Government as a Public Organ
As China enters the stage of economic and social reform, some people think that the introduction of markets will somehow weaken or reduce the power of government over society. Popular indeed is the view that the market equals "anarchism" (>i>wuzhengfu>/i>). Establishing the market mechanism does require government controls to be limited and state authority to retreat from domains outside its legitimate regulatory functions, so as to improve its performance in the normal arenas of operation, namely, ensuring social order and mediating conflicts over property, and so forth. Contrast this with the extensive role the state played in the central planning system in which the government "became a capitalist owner" (>i>dang ziben suoyouzhe>/i>) "managing enterprises" (>i>guan qiye>/i>) and "supervising production" (>i>guan shengchan>/i>), all rolled up into one. But, at the same time, this almighty state machine was intimately involved in economic management, it patently failed to fulfill its more conventional role of ensuring the availability and ample supply of "public goods" (>i>gonggong wupin>/i>). State administrators stuck their noses into every aspect of economic decision makingâfrom heavy and light industry to servicesâbut when it came to provisioning public amenities, such as good roads, schools, and sewage systems, these same administrators were nowhere to be found.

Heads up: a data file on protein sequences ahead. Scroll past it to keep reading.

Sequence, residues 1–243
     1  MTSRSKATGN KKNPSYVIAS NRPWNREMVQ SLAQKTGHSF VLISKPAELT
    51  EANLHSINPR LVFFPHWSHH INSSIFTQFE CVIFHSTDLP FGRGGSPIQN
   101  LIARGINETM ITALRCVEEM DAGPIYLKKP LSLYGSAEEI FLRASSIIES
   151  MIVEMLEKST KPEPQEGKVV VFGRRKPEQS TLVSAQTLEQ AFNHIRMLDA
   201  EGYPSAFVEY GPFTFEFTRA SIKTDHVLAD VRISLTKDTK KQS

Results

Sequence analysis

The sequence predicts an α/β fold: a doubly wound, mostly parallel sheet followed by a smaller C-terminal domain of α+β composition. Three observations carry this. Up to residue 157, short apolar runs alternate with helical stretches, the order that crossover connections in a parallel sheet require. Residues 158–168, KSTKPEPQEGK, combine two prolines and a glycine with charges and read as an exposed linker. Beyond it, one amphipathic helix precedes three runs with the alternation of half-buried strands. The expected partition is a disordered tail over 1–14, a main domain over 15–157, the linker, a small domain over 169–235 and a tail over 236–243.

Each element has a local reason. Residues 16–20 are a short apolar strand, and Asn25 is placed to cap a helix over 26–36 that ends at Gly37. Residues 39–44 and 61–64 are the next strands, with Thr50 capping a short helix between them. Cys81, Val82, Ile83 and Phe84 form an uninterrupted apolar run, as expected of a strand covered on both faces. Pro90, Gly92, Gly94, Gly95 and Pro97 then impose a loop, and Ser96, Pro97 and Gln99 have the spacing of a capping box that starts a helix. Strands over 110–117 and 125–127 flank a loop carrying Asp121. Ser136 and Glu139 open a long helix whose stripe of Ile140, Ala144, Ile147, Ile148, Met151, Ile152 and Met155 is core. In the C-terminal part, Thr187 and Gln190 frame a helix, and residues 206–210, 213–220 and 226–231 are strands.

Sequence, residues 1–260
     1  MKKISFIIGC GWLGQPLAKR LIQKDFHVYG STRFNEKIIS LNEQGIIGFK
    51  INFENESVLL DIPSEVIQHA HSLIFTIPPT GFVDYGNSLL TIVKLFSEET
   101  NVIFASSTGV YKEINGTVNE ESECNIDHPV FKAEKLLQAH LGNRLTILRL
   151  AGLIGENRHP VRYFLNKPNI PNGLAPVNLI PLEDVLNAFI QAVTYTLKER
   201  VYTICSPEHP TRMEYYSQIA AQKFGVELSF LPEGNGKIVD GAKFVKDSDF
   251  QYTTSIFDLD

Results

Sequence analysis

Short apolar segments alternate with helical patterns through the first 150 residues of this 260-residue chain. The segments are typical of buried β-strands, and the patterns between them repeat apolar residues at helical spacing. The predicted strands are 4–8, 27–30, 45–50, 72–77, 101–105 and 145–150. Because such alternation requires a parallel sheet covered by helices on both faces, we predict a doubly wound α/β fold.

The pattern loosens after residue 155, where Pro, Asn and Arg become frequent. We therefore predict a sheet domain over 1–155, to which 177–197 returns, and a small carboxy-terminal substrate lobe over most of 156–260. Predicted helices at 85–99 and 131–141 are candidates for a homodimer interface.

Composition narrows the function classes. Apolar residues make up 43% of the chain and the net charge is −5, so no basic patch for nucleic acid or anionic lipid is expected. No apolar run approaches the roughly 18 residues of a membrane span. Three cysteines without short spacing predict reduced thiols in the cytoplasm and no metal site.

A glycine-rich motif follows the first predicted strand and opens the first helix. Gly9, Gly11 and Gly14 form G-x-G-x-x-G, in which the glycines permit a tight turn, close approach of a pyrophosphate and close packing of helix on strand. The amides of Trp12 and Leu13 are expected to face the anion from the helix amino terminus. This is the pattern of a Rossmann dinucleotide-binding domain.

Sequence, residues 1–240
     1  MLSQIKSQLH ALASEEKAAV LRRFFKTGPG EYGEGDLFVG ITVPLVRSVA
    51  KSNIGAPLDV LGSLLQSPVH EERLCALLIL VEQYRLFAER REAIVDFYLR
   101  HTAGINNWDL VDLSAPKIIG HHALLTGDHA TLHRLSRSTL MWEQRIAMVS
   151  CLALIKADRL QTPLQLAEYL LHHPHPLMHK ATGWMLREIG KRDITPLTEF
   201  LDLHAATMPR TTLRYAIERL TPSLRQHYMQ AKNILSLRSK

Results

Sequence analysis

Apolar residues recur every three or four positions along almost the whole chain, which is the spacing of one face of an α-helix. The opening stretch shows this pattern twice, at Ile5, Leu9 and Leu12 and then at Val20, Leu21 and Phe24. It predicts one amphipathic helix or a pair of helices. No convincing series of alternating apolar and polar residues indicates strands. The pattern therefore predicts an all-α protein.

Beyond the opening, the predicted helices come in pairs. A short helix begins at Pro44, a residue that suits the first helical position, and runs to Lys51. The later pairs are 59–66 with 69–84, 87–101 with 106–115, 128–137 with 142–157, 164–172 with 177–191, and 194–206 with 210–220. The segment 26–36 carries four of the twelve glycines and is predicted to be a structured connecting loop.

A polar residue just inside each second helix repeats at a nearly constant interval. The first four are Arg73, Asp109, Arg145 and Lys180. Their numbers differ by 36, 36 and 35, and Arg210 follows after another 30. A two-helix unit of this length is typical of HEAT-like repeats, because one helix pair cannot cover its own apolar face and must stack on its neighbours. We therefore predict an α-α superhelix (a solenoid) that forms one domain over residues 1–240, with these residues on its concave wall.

Volume (Year): 32 (1999)
Issue (Month): 4 (July)
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